But the economic and physical constraints on landed class rule soon kicked in, which found even this limited democratic experiment too dangerous for its security. Even minimal democratic space exposed the class rule of the landholders to unmanageable pressures which threatened to uproot feudal land relations itself. Reaction was swift and brutal – Bhutto was hanged and his democratic populism dumped. In Islam – with its strict moral codes, clear ideals of justice and rights and an alternative value system to modern political theories – Zia found the key to legitimisation of military dictatorship. The political use of Islam for shoring-up State power is the joint legacy of Zulfikar Ali Bhutto and his nemesis, Zia-ul Haq.
And lest we forget, military dictatorship has always been merely a form of class rule of the big landholders. It was under Zia that the complete intermeshing of the military and the landholding class was achieved, which today results in 58% of Pakistan’s agricultural land being under the control of the military or military personnel, and makes the Pakistan military the single biggest contributor to the nation’s GDP. Today it is perhaps possible to postulate that the ruling class has merged into the State and the formal distinction between the State (military) and a dominant social class (big landholders) has been erased.
After Zia, all governments have been under the control of the military. To demand an end to military rule today implies a direct assault on those property and social relations which define the Pakistan State. Therefore, it is not possible to oppose only military rule while continuing to support landed class interests. The secret of Benazir’s “opportunism”, much commented upon by analysts, lies in her inability to oppose landed interests. Therefore she had, willy-nilly, to come to terms with the military each time she made a bid for power.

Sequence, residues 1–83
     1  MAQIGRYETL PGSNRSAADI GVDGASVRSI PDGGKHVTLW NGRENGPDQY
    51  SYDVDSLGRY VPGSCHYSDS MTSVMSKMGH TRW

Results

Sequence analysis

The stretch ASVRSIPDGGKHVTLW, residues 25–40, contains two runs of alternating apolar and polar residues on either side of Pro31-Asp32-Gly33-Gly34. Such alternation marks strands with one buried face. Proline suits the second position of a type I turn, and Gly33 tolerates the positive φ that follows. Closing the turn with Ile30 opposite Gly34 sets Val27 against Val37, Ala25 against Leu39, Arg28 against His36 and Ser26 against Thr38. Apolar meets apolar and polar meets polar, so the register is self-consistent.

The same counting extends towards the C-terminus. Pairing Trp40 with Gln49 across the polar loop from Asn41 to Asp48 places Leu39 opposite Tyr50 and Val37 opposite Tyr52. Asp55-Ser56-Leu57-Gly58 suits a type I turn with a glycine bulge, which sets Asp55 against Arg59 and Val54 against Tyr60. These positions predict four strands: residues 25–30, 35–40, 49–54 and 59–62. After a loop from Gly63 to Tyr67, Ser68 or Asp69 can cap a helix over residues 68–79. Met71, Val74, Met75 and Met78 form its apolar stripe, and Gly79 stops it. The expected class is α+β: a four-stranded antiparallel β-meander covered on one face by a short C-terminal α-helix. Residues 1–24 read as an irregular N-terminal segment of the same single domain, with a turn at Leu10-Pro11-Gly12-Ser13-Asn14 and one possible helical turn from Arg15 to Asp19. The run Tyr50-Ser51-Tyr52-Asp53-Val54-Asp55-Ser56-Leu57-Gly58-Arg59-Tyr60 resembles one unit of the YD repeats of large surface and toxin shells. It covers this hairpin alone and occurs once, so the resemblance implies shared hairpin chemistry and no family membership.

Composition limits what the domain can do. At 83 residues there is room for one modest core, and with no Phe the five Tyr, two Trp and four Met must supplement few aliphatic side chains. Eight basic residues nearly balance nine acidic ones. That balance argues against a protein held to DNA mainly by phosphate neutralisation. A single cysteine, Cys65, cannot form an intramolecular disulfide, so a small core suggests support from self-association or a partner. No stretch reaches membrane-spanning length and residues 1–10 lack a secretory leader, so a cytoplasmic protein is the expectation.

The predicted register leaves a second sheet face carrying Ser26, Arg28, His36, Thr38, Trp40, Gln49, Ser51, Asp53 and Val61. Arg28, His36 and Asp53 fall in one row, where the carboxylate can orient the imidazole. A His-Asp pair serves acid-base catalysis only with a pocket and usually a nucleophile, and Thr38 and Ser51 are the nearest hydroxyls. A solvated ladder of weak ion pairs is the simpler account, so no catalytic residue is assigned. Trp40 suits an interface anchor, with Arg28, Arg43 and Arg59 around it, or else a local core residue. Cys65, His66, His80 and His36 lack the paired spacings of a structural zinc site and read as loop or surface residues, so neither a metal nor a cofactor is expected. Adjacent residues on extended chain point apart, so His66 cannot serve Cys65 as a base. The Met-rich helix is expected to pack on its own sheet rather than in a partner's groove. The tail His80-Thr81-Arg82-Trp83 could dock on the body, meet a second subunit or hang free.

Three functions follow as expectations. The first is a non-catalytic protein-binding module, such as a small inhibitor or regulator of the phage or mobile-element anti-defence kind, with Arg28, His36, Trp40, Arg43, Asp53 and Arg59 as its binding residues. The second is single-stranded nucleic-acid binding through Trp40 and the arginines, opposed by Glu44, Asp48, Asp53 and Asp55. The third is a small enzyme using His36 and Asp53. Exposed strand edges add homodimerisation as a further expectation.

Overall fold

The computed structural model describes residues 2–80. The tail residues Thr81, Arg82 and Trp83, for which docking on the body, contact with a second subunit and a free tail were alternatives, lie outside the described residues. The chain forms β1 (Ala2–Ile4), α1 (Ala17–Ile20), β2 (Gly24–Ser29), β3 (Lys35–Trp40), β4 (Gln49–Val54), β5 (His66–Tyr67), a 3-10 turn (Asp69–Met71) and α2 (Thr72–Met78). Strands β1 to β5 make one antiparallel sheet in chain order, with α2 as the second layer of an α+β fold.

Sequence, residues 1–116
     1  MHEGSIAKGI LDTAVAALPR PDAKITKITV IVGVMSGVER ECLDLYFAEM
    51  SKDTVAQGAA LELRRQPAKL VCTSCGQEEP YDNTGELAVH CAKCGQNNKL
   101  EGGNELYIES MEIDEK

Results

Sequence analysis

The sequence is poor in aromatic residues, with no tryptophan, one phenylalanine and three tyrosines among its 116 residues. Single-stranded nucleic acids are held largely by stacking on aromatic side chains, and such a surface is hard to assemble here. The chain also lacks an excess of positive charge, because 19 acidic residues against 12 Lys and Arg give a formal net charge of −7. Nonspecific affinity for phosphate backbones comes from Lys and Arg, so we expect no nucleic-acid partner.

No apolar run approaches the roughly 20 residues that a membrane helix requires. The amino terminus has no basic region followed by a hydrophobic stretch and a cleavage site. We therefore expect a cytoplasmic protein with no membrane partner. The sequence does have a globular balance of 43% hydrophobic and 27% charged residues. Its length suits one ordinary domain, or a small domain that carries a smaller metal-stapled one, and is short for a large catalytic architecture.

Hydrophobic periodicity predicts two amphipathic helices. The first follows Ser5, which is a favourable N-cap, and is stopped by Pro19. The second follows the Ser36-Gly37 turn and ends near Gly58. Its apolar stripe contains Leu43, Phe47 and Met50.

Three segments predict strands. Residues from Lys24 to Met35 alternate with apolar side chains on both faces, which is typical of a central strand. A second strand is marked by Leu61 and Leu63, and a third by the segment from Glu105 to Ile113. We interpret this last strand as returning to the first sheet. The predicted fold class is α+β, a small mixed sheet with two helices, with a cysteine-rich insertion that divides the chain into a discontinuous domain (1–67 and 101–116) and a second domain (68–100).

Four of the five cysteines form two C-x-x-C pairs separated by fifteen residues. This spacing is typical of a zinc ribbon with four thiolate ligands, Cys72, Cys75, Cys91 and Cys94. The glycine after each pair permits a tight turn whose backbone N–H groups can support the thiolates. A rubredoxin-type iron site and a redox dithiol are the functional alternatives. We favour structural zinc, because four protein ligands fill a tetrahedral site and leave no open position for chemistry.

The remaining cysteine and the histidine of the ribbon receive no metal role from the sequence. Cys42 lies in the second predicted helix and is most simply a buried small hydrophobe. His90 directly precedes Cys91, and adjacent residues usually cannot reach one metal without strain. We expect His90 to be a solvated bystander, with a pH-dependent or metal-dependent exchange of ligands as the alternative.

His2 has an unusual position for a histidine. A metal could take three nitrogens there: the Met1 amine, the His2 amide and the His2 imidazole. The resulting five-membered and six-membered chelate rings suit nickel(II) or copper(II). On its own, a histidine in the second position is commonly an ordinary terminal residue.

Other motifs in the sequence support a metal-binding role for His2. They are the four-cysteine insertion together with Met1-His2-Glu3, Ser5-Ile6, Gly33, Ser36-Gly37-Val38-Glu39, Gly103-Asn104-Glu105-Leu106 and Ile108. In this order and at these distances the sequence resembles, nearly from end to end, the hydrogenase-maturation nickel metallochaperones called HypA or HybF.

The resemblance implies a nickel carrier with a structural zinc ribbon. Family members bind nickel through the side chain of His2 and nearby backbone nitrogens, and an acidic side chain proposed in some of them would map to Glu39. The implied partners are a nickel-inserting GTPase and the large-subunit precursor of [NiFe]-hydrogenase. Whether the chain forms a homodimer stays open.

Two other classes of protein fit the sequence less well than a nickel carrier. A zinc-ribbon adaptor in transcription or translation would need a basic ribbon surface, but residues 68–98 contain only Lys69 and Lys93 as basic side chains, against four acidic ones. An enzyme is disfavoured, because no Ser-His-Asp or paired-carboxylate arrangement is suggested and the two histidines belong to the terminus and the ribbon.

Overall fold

Today it appears that the conditions of class rule have become more fragile in Pakistan than ever before. The Pakistan ruling class is still crucially dependant on landed wealth for its economic sustenance and politically on the twin, presently incompatible, props of political Islam and US imperialism. Two decades ago political Islam and US imperialism were in alliance which strengthened the Pakistan State, today their conflictual relation is a source of great weakness. The very ideology (political Islam) which provided legitimacy to military rule is cutting the other way today. Political Islam, drawing on Islam’s clearly defined concepts of justice, equality of the Ummah and promises of betterment, has become a rallying call for opposing both the injustices of class rule which is experienced as a military dictatorship by the people of Pakistan as well as for opposing US imperialism. The fragility of the class rule of the military-landlord complex is evident from its acute difficulty in even accommodating a largely controlled and stage managed manifestation of democratic urge, as was expressed by Benazir Bhutto in the past three months.
On the other hand, the denial of democratic space for expressing dissent and redressing grievances has meant that the mountain of injustice has only become higher. A fragile ruling class coalition will find it increasingly difficult, if not impossible, to hold up this mountain much longer. Chances are high that this entire edifice will collapse under a social revolution as the masses rise to avenge their centuries of oppression and no State structure has enough strength to beat them back. Where the left has been decimated for decades and fundamentalist Islamic ideologies and their political formations are strong, this recipe only portends that the coming revolution in Pakistan will be steered by the forces of fascism, like in its neighbouring Iran. A fascist social revolution will also offer the landed interests a further lease of their property rights and will, therefore, be welcomed by them at the moment of greatest crisis for providing stability. As Bertolt Brecht, the German playwright said, “Will there be singing in the dark times? Yes, there will be singing of the dark times…”